Like so many changes to the UK’s Covid rules over the past 14 months, the new traffic light system for international travel came into force this week amid confusion, frustration and dismay. After a five-month foreign holiday ban, British holidaymakers were legally allowed to travel for leisure to destinations on the green list from 17 May, though in practice only three of the 12 “green” countries and territories were free of entry restrictions: Portugal, Madeira and Gibraltar.

Travellers to Portugal are still required to present a negative PCR test result on arrival, among other paperwork, as Guardian Travel writer Kevin Rushby discovered when he travelled to Faro on assignment this week.

Travel companies and airlines have spent the week pressurising the government to add more European countries to the green list. On Thursday, easyJet CEO Johan Lundgren accused the government of sowing confusion and said it was clearly out of step with the rest of Europe: this week the EU updated its recommendations to advise that fully vaccinated travellers will be allowed to enter EU countries, though there is some doubt over whether that will apply to travellers from the UK. The government spent the week reiterating that people should not visit amber list countries.

The Foreign, Commonwealth and Development Office (FCDO) currently advises against all but essential travel to the popular amber-listed countries listed below (with a few exceptions), but it is not illegal to travel them. Travellers returning from amber countries must take a Covid-19 test before their arrival in England and are required to quarantine for 10 days on their return, taking a test on or before days two and eight. Airlines continue to fly to them and travel companies are selling holidays to key summer destinations from June, in the hope that the FCDO advice will change and the green list will be extended, despite health secretary Matt Hancock warning that the government was not likely to add to it any time soon. Meanwhile, health advisers and scientists have publicly disagreed with the government’s approach, warning against any overseas travel this summer.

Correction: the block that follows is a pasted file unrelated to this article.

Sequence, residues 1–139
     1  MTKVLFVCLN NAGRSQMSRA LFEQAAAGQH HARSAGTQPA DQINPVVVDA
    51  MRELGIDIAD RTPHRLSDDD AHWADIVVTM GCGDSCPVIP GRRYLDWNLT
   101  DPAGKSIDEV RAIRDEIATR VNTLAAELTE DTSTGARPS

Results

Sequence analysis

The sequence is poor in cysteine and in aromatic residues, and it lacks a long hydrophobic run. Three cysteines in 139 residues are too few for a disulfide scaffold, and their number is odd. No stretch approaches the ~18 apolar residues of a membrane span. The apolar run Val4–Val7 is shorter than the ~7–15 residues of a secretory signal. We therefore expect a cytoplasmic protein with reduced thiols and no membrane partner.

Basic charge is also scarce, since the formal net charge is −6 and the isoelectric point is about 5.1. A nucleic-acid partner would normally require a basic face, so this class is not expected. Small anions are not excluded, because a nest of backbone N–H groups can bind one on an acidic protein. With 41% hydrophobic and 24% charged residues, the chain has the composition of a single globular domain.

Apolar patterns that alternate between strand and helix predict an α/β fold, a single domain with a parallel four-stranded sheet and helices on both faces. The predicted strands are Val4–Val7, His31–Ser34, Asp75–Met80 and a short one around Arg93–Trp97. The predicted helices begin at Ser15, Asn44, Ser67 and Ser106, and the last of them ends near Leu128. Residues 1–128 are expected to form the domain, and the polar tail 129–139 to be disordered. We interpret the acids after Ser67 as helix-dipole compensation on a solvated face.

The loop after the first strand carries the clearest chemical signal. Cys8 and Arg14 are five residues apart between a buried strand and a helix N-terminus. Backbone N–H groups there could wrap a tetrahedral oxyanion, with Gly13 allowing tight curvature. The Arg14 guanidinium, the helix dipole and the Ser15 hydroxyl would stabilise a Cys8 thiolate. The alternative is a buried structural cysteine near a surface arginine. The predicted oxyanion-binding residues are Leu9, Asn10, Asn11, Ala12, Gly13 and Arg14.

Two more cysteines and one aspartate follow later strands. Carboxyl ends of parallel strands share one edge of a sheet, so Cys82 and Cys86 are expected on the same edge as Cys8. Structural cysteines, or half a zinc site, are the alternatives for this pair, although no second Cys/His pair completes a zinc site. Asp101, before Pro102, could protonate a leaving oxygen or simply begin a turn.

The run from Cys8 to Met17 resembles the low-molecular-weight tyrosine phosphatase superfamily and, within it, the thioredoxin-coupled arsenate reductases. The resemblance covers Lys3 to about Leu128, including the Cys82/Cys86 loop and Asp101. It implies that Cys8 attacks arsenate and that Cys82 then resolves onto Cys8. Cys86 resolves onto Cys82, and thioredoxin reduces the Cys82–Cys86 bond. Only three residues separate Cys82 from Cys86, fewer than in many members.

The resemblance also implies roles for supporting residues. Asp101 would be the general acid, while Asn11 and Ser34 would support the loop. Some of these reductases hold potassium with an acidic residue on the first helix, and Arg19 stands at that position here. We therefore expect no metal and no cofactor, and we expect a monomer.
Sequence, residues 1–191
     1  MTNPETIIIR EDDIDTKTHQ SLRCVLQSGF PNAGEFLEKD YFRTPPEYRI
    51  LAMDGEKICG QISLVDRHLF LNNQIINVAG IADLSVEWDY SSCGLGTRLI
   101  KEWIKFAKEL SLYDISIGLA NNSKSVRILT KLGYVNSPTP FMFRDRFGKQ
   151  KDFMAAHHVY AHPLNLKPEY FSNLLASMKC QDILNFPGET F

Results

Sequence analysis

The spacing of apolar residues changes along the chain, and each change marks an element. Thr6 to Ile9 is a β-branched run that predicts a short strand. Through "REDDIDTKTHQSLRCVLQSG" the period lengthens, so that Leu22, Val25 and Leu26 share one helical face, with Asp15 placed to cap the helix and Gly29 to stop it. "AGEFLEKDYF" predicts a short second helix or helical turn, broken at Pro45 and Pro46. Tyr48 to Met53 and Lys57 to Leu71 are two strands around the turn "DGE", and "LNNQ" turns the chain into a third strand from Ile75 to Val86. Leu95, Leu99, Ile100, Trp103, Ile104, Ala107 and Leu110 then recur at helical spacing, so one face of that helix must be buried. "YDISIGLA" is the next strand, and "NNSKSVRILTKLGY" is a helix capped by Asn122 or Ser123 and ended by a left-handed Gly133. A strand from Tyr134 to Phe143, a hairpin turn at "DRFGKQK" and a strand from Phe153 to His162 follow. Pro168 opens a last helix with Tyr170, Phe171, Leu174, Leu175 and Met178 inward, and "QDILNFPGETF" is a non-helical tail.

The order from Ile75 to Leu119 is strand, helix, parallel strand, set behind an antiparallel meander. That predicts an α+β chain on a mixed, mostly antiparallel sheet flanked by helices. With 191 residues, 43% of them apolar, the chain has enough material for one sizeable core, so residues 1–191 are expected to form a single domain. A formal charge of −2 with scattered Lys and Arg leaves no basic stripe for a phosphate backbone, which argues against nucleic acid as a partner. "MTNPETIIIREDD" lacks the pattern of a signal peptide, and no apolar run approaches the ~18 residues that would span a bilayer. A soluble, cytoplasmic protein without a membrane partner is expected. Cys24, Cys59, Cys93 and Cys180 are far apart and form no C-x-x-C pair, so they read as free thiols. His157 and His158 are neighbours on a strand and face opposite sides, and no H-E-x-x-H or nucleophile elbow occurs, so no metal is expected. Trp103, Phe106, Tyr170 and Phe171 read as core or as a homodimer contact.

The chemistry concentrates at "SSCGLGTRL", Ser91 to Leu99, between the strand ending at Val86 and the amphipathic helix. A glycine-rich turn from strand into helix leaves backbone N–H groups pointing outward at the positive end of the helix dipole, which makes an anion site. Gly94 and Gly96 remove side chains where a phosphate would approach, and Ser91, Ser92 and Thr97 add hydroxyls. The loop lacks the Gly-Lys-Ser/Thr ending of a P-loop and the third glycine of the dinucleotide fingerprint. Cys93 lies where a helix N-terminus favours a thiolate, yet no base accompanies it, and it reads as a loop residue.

In the meantime, European countries are lifting national restrictions and preparing to welcome visitors back, in the hope that the battered tourism industry can begin to recover. The five popular holiday destinations listed here are all on the amber list – it is not illegal to travel to them, but the government says travel should be for “essential” purposes only – and you have to quarantine at home on your return. We look at what restrictions remain in place in each country and when they hope to open to visitors.
Isabel Choat


Son Bou beach, Menorca.
Son Bou beach, Menorca. Photograph: vivoo/Alamy

Vaccination rate: 1st dose: 34% 2nd dose: 16%
Daily cases: 119 per million

What’s happening?
Spain is no longer in the high-risk category. Death rates have fallen sharply, as has pressure on intensive care units. On 19 May, 6,080 new cases were recorded, 400 fewer than the previous week, with 66 deaths, compared with 108 the previous week.

The country is returning to something like normality, after the six-month state of emergency was lifted on 10 May. Since then, Covid restrictions have been in the hands of regional governments and there is considerable variation, although the 11/12pm–6am curfew has been lifted everywhere except Navarra and the Valencia region, where it may remain in force into next month.

Masks are obligatory indoors and out, except for sporting activities, which includes jogging and cycling. Legally, masks have to be worn on the beach, but the measure is largely ignored and rarely enforced. The health department said earlier this week that masks would soon cease to be mandatory outdoors.

Bars and restaurants are open indoors and out until 11pm or 1am, depending on the region, except in the Balearic Isles, where you can only eat and drink in outdoor areas. In Madrid and Andalucía there are no restrictions on how many people can meet together; in the Canary Islands the limit is 15, in Valencia 10 and in Catalonia and the Balearics six.